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    History museum in Brussels opens Family Discovery Spaces

    © House of European History
    © House of European History

    The House of European History opens on Sunday 400m² of new exhibition spaces allowing children and families to discover Europe’s history. The new spaces give parents tools to address issues about today’s society with their children in a safe and playful environment. The Family Discovery Spaces will provide 6-10 year olds with fun and engaging exhibits about different aspects of European history. Princess Europa and her brother Cadmus from Europe’s founding myth are the two characters leading children on a time-traveling experience.

    Along the way children will smell, feel and live history, participate in role-play games, learn about historic characters and try out their costumes.

    “Becoming a time traveler and visiting the past is much more interesting for a 6 – 10 years old than being told going to a history museum,” says museum director Constance Itzel.

    Museum educator Laurence Bragard tells The Brussels Times that the trails in the new spaces are intended to be followed by children in the company of their parents or other adults and that interactive workshops are also organized for school classes.

    Time is an abstract concept for children. “We are introducing it step by step by focusing on events and things that their parents and grandparents experienced,” explains Bragard. “In fact, we are going back to the 19th century when children toiled in coal mines.”

    Europe owes its name to the ancient myth of the Phoenician princess Europa, who was abducted by the Greek God Zeus in the disguise of a bull and brought to Crete. In the Family Discovery Spaces the princess is joined by her brother Cadmus.

    “We hope that this story about siblings will fascinate children,” says Bragard. “According to the myth, Cadmus is sent by his father on a rescue mission to find Europa. Although he fails in his mission he brings his knowledge of the Phoenician alphabet to the Greek world, leading to the development of the Greek alphabet.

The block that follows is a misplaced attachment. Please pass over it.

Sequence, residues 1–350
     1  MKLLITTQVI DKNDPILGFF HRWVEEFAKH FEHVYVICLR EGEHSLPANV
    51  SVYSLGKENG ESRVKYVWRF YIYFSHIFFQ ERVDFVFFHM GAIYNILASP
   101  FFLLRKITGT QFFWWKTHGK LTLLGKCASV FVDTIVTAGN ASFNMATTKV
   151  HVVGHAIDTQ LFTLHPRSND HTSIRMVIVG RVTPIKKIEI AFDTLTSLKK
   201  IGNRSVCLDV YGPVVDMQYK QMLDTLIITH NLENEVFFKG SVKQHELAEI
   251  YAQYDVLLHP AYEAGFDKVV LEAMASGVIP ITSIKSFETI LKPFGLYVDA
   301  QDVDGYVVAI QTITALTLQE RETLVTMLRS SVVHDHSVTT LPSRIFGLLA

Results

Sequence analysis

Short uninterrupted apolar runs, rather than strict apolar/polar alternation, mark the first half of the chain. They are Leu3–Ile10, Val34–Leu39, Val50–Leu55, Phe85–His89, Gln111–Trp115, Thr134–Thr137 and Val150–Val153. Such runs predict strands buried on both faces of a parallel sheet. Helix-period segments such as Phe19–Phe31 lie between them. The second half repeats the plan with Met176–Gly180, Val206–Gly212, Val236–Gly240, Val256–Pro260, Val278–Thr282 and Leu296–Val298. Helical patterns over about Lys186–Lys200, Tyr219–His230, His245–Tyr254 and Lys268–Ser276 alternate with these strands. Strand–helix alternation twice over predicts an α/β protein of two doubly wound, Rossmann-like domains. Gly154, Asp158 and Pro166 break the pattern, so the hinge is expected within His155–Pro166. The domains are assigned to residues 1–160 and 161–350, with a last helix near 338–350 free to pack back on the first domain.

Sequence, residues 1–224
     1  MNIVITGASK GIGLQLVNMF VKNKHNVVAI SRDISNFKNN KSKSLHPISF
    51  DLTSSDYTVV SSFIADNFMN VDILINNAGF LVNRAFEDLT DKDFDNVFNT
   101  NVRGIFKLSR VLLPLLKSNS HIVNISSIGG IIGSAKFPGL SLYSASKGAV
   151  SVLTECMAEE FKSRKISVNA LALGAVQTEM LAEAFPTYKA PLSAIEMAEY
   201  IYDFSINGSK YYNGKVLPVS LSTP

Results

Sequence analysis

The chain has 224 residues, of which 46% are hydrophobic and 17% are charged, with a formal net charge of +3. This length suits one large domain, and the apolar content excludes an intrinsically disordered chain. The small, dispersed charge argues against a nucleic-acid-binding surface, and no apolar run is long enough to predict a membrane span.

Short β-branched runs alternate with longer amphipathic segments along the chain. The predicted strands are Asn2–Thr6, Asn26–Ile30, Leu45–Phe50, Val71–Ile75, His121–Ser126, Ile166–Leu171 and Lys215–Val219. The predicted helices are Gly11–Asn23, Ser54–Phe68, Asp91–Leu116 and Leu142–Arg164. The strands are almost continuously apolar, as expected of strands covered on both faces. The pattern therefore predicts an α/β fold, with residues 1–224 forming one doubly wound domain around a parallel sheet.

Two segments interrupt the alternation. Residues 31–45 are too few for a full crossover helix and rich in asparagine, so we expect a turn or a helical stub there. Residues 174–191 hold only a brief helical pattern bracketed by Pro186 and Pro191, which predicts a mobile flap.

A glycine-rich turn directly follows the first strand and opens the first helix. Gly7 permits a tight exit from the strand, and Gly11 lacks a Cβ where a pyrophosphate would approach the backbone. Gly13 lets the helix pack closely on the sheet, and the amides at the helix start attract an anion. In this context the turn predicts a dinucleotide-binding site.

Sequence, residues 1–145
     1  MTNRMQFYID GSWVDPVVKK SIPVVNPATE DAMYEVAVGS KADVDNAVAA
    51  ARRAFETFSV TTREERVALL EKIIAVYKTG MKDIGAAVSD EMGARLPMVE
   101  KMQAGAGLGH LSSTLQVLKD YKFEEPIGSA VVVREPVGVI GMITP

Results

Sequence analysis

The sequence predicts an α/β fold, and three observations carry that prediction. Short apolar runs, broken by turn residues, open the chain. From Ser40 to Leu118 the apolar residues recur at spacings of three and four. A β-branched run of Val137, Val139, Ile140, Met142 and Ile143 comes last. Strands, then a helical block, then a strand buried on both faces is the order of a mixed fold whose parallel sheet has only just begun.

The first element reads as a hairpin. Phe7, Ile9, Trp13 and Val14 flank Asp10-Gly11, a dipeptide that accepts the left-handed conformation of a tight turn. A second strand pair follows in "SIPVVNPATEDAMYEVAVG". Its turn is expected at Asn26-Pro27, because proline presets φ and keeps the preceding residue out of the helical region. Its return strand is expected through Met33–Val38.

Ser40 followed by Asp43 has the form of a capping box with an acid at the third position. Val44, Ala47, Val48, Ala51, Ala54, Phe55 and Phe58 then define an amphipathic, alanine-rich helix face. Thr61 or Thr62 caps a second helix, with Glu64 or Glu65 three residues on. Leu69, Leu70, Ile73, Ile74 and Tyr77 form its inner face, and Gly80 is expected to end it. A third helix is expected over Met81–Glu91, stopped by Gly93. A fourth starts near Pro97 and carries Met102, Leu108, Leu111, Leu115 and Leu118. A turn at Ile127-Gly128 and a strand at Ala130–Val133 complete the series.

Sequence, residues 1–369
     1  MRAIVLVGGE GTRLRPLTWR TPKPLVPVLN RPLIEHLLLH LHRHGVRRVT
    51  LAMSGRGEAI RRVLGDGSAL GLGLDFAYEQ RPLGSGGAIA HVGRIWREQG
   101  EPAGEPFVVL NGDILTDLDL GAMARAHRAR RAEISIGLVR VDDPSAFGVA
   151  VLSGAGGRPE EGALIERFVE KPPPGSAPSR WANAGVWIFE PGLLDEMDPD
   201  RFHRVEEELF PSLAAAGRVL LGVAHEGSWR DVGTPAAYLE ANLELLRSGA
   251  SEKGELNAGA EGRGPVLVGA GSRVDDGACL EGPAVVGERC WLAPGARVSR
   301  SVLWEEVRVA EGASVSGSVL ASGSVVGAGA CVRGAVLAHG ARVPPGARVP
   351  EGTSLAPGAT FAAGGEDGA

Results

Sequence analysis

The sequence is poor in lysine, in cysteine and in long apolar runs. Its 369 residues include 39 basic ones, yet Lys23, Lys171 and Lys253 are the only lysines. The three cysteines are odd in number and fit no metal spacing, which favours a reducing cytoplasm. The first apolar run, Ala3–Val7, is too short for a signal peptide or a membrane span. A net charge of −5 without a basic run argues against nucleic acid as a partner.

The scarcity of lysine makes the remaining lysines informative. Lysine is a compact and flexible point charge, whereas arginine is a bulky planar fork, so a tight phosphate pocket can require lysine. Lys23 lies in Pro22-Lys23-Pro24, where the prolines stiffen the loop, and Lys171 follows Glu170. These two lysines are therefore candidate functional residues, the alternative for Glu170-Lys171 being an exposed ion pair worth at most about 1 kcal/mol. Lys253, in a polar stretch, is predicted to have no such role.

Might not children be frightened when discovering the wars and dark sides of Europe’s history? “We are aware of this and have developed tools and a safe environment to deal with it,” she replies.

    “They will be able to try a gas mask from WWI and look at a suitcase belonging to a person who was deported to the Nazi death camps in WWII. But parents will have the resources to talk with their children about their feelings.”

    At this point parents, who have seen the other exhibitions in the museum, will have to explain to their children that EU was created as a peace project to prevent future wars in Europe.

    The House of European History was inaugurated in May 2017 and is located in Leopold Park in the European quarter of Brussels. The official opening of the Family Discovery Spaces will take place at 14 – 17 pm on 11 March. The Spaces will be accessible to families all year long. Entry to the museum is free of charge.

    M.Apelblat
    The Brussels Times